PARIS — Even illness couldn’t keep Pierre Bergé away from the press conference on Thursday unveiling the future Yves Saint Laurent museums in Paris and Marrakech, slated to open this fall.
A labor of love if ever there was one, the project grew out of the Fondation Pierre Bergé-Yves Saint Laurent, which since 2004 has been staging exhibitions to showcase items from its archive of 5,000 items of clothing, 15,000 accessories and tens of thousands of sketches by the late couturier.
“In 2002, when Yves Saint Laurent decided to retire, I decided to transform memories into projects. Others may try, but they have no memories, so they can always keep trying,” said the 86-year-old Bergé, feisty as ever despite being confined to a wheelchair after a stint in hospital for an undisclosed ailment.
“He came home about a week ago,” said his husband, American landscape gardener Madison Cox, who is vice president of both the Fondation Pierre Bergé-Yves Saint Laurent and the Fondation Jardin Majorelle in Morocco, which is adjacent to the new museum.
“He was absolutely insistent that he be there, because this is really the pinnacle of his [work], I think, for him: the idea of not just one, but two, museums in the two key places of their lives,” Cox told WWD.
In brief remarks, Bergé — Saint Laurent’s longtime companion and business partner — described their first visit to Marrakech in 1966 as “an exceptional case of love at first sight.”
The couple bought the Majorelle garden in 1980 to prevent it from falling into the hands of a promoter and turned it into an attraction that now draws 800,000 visitors per year. The new museum is the brainchild of architecture firm Studio KO, which has designed stores for brands including Balmain, Ami and Aesop.
Images of the institution were revealed for the first time at Thursday’s event, which was held before a packed audience in the Yves Saint Laurent lecture hall at the French Institute of Fashion, the higher education institution founded by Bergé in 1986.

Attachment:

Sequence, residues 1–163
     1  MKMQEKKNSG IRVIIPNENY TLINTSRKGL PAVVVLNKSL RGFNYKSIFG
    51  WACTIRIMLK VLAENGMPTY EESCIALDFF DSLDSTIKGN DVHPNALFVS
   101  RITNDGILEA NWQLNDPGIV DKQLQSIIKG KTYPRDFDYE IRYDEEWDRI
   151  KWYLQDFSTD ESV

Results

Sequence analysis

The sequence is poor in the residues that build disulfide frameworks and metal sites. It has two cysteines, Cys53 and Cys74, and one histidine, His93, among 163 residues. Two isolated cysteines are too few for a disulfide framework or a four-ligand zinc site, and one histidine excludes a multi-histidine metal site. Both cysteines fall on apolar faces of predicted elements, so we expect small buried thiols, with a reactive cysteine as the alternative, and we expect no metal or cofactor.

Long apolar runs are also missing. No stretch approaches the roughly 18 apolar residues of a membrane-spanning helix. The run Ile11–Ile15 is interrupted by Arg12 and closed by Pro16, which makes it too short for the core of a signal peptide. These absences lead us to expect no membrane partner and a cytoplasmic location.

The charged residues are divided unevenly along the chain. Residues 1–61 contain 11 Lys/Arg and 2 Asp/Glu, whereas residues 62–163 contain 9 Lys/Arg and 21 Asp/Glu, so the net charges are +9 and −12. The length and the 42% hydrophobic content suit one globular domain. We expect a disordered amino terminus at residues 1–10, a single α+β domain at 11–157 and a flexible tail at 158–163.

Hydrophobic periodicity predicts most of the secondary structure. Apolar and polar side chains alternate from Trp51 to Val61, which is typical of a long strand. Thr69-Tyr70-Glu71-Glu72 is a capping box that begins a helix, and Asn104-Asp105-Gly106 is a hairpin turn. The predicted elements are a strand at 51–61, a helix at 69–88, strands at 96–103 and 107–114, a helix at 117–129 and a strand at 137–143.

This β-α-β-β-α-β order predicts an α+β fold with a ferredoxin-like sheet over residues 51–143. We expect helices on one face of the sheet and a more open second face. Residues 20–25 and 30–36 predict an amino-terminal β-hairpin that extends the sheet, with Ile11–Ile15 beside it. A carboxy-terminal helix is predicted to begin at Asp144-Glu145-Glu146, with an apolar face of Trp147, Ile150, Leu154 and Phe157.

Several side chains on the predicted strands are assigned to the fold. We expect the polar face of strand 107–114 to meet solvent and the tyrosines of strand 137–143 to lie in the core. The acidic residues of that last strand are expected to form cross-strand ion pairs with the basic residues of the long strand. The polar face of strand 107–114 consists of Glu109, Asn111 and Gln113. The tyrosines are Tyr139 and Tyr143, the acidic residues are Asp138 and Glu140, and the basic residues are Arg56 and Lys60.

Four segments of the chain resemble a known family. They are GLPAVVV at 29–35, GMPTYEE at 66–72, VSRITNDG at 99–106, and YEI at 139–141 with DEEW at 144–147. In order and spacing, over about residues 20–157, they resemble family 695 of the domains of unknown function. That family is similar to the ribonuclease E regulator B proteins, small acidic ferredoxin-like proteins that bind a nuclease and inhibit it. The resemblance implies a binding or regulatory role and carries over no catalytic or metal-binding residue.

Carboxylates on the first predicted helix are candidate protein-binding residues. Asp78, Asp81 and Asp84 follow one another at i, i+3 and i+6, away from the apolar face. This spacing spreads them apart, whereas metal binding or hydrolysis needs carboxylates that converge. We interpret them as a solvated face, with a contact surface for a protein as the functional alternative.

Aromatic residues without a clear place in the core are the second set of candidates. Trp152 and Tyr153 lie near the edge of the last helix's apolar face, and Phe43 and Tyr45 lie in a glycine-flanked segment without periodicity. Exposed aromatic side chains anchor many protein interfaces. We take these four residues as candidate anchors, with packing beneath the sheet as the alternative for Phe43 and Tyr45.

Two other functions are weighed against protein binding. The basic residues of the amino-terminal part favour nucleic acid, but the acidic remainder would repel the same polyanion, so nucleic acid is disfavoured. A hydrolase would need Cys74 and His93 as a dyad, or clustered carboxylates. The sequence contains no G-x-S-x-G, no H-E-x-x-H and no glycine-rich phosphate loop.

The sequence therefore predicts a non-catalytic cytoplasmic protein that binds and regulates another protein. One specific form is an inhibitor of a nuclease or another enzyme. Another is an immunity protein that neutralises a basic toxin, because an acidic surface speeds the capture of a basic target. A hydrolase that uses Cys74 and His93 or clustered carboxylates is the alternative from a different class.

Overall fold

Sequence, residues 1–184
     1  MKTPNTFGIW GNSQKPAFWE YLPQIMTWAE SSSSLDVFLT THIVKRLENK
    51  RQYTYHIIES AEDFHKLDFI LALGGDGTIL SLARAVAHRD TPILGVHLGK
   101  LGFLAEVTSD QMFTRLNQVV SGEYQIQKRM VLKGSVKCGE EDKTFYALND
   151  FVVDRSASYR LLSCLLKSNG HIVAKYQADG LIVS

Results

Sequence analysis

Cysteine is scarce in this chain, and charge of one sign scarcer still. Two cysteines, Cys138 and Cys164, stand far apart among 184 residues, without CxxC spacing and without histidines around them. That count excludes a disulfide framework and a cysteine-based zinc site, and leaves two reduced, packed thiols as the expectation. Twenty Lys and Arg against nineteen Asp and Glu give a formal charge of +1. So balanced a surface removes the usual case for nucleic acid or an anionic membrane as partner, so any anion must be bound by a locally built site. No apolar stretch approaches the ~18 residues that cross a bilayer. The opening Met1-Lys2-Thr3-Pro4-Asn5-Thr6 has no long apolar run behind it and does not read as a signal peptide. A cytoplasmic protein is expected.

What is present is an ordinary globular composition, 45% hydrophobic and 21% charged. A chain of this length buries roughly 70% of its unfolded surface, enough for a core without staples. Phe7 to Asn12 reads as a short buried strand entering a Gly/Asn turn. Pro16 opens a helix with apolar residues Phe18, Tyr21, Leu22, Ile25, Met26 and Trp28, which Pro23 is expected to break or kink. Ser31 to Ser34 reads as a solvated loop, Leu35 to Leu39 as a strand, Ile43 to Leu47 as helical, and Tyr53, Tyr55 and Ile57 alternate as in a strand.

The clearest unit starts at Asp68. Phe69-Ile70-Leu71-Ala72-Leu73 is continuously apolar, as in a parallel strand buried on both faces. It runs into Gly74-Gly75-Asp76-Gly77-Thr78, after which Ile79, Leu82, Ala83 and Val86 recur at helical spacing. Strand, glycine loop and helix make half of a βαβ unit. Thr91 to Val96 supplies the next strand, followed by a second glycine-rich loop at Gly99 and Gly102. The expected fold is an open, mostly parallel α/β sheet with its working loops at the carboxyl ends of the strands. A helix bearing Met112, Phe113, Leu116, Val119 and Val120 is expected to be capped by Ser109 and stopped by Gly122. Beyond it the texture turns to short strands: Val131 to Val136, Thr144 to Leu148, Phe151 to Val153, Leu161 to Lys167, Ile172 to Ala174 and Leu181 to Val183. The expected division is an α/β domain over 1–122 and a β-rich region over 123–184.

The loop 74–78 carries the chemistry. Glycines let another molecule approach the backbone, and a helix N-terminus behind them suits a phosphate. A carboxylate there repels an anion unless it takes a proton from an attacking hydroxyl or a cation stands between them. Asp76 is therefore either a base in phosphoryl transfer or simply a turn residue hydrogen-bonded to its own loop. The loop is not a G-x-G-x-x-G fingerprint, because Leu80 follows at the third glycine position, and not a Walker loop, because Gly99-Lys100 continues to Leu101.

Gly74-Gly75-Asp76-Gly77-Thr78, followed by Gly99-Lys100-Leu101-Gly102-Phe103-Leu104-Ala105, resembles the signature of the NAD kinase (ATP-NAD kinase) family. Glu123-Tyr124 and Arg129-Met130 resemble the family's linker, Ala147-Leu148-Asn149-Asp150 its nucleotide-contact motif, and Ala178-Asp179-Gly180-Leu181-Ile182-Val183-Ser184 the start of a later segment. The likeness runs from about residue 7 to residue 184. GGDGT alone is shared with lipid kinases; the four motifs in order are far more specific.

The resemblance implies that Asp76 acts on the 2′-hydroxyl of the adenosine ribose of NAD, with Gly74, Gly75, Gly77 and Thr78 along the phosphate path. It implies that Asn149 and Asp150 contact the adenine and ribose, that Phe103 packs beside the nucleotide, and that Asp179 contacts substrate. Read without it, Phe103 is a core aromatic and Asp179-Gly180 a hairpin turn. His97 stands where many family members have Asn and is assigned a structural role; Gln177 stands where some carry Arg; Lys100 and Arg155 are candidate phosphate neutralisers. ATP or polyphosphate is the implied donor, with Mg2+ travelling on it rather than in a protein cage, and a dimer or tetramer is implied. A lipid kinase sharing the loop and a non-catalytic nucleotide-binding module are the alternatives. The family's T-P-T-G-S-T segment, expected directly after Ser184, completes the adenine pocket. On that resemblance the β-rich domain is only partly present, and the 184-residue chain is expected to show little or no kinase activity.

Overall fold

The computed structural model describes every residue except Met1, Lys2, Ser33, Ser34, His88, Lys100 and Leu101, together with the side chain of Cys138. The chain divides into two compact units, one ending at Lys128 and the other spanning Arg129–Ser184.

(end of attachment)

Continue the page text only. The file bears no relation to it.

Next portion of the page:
Flanking the executive and philanthropist were Cox; Olivier Flaviano, director of the Yves Saint Laurent Museum in Paris; Björn Dahlström, director of the Yves Saint Laurent Museum in Marrakech, and Aurélie Samuel, director of collections at the Fondation Pierre Bergé–Yves Saint Laurent.
Guests included Francesca Bellettini, chief executive officer of Saint Laurent, which now belongs to French conglomerate Kering. Bergé thanked Kering chairman and ceo François-Henri Pinault and Bellettini for their help in building the museums.
The institutions open at a time when French fashion houses are moving to preserve their archives with state-of-the-art conservation facilities, and the French government is stepping up efforts to protect what it considers a key element of the country’s cultural heritage.
The country’s culture ministry in April unveiled a series of measures to safeguard the country’s fashion assets, including the creation of a permanent collection to be housed at the National Center for Visual Arts, which will purchase five designer pieces every season.
Cox noted that before Bergé and Saint Laurent, couture houses and their customers were in the habit of discarding designs from previous seasons.
“They were the first to really understand the importance of what they were doing and what he was creating,” he said. “No other fashion house ever had that policy, that dynamic or that philosophy to keep that. Today, they’re realizing that’s part of the house’s cultural heritage, or the nation’s cultural heritage.”
Cox last month attended the opening of the “Yves Saint Laurent: The Perfection of Style” exhibition at the Virginia Museum of Fine Arts in the United States.
“The attendance is breaking records for that museum for an exhibition, but they’re all new, younger-generation people discovering his work,” he said, noting that visitors included fashion and architecture students, among others.